EAS Gets an Update


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Chriss Scherer

Jan. 10 will be a day the EAS crowd remembers. That's when the FCC released its fifth report and order on EAS and the Common Alerting Protocol (CAP). The 130-page R&O addresses many of the ongoing concerns with EAS, but there are still a few details that are not yet settled. So what's new? Here's an overview.

Some of the more recent EAS questions involve CAP and its details. Stations have been required to be capable of receiving CAP-encoded alerts for a few months, even though few emergency management agencies can actually send them, but questions still remain. One hotly debated element of CAP was the requirement for stations to be able to receive CAP-formatted messages from state governors. The fifth R&O eliminates this requirement.

Another burning question related to EAS participants was the use of CAP converters, rather than purchasing a new EAS unit with CAP capability. The converters essentially translate the CAP data for a legacy EAS unit to understand. Until the R&O, it was unclear if EAS participants could use these converters, referred to as intermediary devices, to fulfill their CAP obligation. Now they can.

The EAS CAP Industry Group (ECIG), a consortium of EAS manufacturers and service providers, prepared the CAP Implementation Guide (IG) to help broadcasters and alert originators apply CAP capabilities into the existing EAS. This R&O recognizes that group's Implementation Guide as the accepted method to convert CAP-formatted messages into the legacy EAS format. The ECIG IG is also rolled into the FCC's established certification scheme.

With the introduction of CAP, FEMA created an Integrated Public Alert and Warning System feed for federal CAP-formatted alert messages. This information is distributed via the Internet. The new rules require EAS participants to monitor this feed. Some stations have argued that Internet service is not always readily available or reliable to all EAS units. In those cases, the FCC will waive the monitoring requirement.

But the new rules are not solely about CAP.

The EAS Operating Handbook, which is supposed to be a thorough guide for stations to implement EAS, has known shortcomings and errors. An update for the Handbook is still in the works, but the FCC is waiting until the results of the Nov. 9, 2011, national EAS test are reviewed before making changes.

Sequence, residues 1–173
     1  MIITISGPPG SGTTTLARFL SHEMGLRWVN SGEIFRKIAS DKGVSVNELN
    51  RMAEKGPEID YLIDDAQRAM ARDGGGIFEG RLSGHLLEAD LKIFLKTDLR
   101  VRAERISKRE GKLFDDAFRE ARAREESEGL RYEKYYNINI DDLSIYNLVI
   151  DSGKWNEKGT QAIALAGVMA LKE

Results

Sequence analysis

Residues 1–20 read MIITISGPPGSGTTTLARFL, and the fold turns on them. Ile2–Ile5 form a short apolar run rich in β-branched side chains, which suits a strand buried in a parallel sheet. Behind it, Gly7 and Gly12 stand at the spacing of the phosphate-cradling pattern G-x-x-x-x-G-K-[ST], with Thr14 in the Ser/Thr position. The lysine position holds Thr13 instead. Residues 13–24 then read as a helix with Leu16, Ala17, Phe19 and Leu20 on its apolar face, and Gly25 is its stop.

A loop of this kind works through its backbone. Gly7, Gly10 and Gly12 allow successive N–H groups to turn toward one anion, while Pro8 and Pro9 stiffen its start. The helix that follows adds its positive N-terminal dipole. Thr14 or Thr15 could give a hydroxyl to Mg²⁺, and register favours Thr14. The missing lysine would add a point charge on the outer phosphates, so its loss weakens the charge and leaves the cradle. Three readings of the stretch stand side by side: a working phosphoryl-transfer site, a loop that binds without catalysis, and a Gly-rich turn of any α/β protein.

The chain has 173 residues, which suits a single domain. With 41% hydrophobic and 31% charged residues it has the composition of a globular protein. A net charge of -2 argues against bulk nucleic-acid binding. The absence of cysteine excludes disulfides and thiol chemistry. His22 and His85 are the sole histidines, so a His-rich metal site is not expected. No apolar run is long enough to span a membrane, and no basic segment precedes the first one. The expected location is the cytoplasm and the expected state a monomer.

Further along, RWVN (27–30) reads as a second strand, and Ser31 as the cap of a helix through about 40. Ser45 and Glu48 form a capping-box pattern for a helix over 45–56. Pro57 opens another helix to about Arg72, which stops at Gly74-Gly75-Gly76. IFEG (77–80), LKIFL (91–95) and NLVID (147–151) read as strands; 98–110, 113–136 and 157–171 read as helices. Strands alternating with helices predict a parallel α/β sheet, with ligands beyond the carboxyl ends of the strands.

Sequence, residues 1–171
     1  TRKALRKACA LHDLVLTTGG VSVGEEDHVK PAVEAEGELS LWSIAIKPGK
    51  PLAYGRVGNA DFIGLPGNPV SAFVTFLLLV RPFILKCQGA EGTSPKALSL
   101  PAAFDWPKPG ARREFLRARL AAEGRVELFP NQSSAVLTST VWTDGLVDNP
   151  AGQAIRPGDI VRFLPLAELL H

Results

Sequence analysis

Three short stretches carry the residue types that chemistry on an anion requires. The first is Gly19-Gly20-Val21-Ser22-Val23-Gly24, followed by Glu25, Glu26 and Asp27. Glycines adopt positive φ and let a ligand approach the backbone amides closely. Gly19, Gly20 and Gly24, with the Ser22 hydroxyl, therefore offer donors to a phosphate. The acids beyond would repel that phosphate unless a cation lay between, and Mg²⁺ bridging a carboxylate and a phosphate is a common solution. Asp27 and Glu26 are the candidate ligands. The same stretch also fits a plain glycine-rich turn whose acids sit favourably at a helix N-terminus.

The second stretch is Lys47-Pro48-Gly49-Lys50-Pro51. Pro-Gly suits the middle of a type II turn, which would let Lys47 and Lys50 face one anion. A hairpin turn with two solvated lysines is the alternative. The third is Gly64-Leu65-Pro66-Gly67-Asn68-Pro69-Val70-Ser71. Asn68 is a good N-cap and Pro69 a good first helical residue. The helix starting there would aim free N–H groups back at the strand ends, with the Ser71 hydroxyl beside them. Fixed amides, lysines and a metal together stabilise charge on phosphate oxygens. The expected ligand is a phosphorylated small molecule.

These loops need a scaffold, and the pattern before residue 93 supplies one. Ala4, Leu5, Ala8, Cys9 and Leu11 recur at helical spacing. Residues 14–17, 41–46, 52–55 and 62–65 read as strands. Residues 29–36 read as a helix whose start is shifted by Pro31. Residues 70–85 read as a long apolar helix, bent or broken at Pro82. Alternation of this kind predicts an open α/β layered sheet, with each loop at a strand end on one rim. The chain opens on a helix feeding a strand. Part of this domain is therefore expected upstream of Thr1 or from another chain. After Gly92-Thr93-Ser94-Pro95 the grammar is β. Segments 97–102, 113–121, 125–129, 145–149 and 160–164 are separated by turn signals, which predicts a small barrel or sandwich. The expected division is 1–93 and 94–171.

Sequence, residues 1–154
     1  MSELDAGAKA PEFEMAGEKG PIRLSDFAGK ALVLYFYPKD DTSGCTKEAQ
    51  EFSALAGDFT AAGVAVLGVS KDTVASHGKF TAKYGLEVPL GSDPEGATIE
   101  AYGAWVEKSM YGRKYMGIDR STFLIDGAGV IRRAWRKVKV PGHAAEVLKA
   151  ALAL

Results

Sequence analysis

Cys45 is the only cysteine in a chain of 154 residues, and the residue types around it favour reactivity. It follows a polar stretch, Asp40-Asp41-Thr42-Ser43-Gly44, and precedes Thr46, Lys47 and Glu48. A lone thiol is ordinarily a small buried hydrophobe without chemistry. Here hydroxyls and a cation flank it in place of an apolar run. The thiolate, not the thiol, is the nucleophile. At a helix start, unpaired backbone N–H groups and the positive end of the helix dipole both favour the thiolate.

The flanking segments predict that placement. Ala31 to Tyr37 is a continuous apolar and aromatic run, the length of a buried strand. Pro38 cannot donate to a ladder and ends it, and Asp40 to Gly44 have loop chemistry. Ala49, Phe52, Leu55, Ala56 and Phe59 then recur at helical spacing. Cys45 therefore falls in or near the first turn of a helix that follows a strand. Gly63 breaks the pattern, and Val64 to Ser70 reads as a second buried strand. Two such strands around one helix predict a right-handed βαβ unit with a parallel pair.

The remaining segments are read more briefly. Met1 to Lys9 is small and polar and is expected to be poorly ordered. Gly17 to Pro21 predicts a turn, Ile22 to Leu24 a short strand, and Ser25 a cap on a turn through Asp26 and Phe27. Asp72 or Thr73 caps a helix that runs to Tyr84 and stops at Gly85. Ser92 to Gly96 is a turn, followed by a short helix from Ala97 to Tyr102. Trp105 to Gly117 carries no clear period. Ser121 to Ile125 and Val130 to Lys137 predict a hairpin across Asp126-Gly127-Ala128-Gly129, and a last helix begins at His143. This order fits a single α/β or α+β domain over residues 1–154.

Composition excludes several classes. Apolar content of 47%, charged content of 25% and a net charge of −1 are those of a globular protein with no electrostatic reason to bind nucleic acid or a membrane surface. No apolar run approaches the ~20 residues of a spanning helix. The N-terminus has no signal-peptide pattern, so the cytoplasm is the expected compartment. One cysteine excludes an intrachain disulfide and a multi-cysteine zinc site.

The EAS Operating Handbook, which is supposed to be a thorough guide for stations to implement EAS, has known shortcomings and errors. An update for the Handbook is still in the works, but the FCC is waiting until the results of the Nov. 9, 2011, national EAS test are reviewed before making changes.

A lingering question about the legacy EBS alert tone was addressed. This tone is required to run at least 8 seconds, but had no set maximum length. Stations adopted 8 seconds as their de facto standard. The R&O now stipulates the attention tone to be no more than 8 seconds, which essentially defines the length.

And there are two lesser changes to the EAS rules. First, the Non-Participating National (NN) EAS station designation has been eliminated. Only a handful of stations applied for that status, so the FCC deemed it unnecessary. The other minor change is semantic: EAS locations to date have been referred to as FIPS (for Federal Information Processing Standard) codes. These codes remain in place, but the FCC now uses the American National Standards Institute (ANSI) system to define the same locations with the same codes. FIPS codes are now called ANSI codes.

The fifth R&O is not complete in addressing all the known issues with EAS and CAP, and some issues have been tabled until a later date. But the R&O finally addresses many of the long-standing concerns about EAS.




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